Art collectors in Florida might delay decisions about who will get their holdings when they die. They might have trouble identifying appropriate heirs or even thinking about giving away their art. Collectors prefer to focus on acquisition instead of distribution. Estate plans that fail to address art collections, however, could impose hefty taxes on heirs or lead to disputes among relatives. Potential solutions require careful documentation of art ownership and the exploration of options like giving to charity, shifting ownership to a corporate entity or placing the collection within a trust.
Older works of art have a greater chance of producing questions about ownership as do pieces that have changed hands many times. To establish legitimate ownership, collectors need to assemble bills of sale, certificates of authenticity and insurance records.
Once ownership documents have been organized, collectors should determine a system for transferring the collection that controls estate taxes. People could set up a corporate entity to serve as an owner, which could make the probate process easier and eliminate the need to retitle the assets.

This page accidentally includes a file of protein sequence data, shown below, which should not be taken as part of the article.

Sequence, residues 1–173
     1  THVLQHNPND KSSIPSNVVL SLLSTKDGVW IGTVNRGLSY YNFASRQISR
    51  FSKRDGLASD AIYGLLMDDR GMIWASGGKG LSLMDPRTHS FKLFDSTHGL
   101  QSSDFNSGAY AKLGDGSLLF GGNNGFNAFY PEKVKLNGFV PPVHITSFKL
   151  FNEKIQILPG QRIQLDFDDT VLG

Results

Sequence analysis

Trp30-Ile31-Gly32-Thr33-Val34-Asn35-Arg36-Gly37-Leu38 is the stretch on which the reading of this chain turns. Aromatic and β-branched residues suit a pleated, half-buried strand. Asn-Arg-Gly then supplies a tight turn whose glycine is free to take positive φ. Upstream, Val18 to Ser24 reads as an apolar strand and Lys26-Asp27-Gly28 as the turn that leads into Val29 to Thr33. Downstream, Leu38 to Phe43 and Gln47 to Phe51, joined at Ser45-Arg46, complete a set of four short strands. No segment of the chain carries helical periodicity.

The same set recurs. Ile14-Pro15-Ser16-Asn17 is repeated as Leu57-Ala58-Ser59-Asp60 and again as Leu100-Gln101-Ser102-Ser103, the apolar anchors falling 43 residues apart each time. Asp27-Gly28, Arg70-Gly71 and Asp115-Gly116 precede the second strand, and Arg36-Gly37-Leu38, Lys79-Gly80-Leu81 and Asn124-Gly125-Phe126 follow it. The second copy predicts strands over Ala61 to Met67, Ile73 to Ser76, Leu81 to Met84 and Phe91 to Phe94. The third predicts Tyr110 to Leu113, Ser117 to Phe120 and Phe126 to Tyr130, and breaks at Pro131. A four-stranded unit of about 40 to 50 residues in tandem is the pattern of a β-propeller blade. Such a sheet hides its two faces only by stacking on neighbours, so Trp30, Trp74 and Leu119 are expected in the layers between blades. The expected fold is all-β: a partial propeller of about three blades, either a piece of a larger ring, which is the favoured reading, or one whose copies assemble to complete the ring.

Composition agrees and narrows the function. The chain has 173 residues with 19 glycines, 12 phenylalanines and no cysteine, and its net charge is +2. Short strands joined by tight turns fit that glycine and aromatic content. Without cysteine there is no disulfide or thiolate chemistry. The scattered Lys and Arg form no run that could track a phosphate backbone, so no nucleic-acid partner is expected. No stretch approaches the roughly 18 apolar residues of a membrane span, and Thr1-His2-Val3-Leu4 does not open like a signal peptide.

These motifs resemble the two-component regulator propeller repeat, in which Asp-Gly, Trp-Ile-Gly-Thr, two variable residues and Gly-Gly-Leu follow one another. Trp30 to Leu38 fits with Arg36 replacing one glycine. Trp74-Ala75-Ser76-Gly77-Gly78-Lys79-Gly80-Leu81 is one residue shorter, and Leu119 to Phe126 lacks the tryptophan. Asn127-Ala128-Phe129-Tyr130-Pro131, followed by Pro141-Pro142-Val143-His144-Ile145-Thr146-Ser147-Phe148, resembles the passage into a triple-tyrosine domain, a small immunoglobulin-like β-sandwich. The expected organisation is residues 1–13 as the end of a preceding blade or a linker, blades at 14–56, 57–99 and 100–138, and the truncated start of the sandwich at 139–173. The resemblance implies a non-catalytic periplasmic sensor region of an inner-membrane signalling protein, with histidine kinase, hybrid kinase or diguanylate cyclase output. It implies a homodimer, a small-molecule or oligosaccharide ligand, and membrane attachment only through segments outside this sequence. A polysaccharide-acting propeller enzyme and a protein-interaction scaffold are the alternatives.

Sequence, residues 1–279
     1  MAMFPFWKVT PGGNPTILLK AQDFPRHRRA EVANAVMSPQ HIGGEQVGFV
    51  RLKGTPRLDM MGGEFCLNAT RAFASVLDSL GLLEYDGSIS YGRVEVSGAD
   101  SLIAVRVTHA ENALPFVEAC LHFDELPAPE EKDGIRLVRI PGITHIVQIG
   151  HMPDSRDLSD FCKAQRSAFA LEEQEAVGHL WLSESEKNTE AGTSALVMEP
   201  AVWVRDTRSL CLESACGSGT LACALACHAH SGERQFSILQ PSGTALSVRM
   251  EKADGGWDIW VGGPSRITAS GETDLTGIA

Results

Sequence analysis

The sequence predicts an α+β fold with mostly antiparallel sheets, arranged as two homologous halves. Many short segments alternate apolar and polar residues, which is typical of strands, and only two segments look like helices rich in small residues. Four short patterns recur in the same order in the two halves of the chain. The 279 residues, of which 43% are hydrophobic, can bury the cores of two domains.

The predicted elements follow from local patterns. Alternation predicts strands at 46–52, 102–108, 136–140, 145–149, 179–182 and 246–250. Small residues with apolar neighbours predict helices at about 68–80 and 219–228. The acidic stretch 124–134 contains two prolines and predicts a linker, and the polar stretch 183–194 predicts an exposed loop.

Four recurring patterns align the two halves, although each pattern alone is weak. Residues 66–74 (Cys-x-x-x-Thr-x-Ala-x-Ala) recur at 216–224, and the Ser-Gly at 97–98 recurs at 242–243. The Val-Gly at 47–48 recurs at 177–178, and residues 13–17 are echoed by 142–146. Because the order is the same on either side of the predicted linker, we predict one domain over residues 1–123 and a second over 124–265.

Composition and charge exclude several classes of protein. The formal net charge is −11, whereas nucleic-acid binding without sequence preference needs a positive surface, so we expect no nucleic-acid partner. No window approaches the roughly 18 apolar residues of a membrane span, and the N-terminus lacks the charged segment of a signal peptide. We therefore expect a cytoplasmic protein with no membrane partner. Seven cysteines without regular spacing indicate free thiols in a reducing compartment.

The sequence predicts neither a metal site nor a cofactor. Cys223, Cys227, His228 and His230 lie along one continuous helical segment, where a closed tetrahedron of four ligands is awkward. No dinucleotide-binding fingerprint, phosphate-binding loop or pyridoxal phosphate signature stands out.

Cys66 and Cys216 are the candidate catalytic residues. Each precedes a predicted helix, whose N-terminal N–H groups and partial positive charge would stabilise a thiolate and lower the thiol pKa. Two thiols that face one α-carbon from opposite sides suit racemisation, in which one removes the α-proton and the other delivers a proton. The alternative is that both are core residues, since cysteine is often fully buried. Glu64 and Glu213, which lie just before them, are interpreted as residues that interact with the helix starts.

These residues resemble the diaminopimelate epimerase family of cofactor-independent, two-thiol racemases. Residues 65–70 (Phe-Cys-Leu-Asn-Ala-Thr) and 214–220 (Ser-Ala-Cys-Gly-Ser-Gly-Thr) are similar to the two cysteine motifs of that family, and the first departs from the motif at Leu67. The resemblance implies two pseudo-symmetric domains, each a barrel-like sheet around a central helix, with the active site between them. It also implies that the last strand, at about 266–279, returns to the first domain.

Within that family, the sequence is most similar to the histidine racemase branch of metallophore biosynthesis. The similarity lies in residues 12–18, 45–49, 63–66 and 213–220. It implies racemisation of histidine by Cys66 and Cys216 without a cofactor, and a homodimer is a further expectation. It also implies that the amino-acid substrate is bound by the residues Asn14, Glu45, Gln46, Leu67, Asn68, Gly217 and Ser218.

A person who wishes to create an estate plan that includes valuable collectibles or other assets could talk to an attorney about the tax implications. After studying the client’s specific financial situation and goals, an attorney could suggest trusts or other vehicles to address the tax implications of bequeathing art directly to individuals.The establishment of market values by an appraiser could be essential to determining the best approaches for limiting taxes. During discussions with an attorney, the owner might gain insights about the benefits of granting a collection to a charity as part of an overall plan to transfer wealth and protect heirs from high taxes.